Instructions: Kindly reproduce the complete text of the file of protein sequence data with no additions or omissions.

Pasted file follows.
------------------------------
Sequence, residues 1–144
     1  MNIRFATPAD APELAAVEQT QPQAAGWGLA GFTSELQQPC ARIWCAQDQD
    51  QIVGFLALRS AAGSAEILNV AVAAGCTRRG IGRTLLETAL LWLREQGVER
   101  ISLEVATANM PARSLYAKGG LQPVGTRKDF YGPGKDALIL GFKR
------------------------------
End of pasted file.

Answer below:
Sequence, residues 1–144
     1  MNIRFATPAD APELAAVEQT QPQAAGWGLA GFTSELQQPC ARIWCAQDQD
    51  QIVGFLALRS AAGSAEILNV AVAAGCTRRG IGRTLLETAL LWLREQGVER
   101  ISLEVATANM PARSLYAKGG LQPVGTRKDF YGPGKDALIL GFKR